The Lincoln Lawyer

 , a novel by Michael Connelly

Editorial review of The Lincoln Lawyer novel

San Francisco Chronicle

Is there nothing Michael Connelly can't do? After taking ownership of police procedurals with his Harry Bosch series, Connelly tries his hand at a Scott Turow-style legal thriller. And he nails it.

The Lincoln Lawyer focuses on Mickey Haller, a Los Angeles defense attorney who knows the ins and outs of the system, especially as they pertain to his cash flow.

Haller thinks he's got it made when he lands a "franchise client," a wealthy real estate agent accused of viciously attacking a prostitute. The client, Louis Roulet, adamantly maintains his innocence, and Haller thinks the case will be a slam dunk.

He's wrong. The case spirals out of Haller's control as it becomes increasingly clear that Roulet is harboring a secret or two (not least his past involvement in other cases, one of which may have resulted in another of Haller's clients going to San Quentin).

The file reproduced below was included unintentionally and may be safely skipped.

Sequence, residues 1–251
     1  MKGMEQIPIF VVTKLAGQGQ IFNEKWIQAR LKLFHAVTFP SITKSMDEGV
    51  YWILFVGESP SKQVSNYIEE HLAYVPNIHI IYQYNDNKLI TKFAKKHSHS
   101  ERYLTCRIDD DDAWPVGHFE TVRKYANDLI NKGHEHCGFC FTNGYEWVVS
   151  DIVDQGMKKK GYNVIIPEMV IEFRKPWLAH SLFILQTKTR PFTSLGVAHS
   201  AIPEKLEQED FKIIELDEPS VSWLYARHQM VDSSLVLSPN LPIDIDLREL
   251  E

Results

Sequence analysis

This gives "The Lincoln Lawyer" two exciting shots of adrenaline: the lawyer defending someone he knows to be guilty of terrible deeds (including the murder of a friend), and the scheme he concocts to set things right without violating the attorney-client privilege and being disbarred.

Connelly's work has it all - sharply drawn, engaging characters, snappy dialogue and a plot that moves like a shot of Red Bull. As with Turow, he also understands that a good legal thriller is primarily about the law, not lawyers acting like crime-fighters. It's amazing how many authors seem to forget that.

by David Lazarus, San Francisco Chronicle

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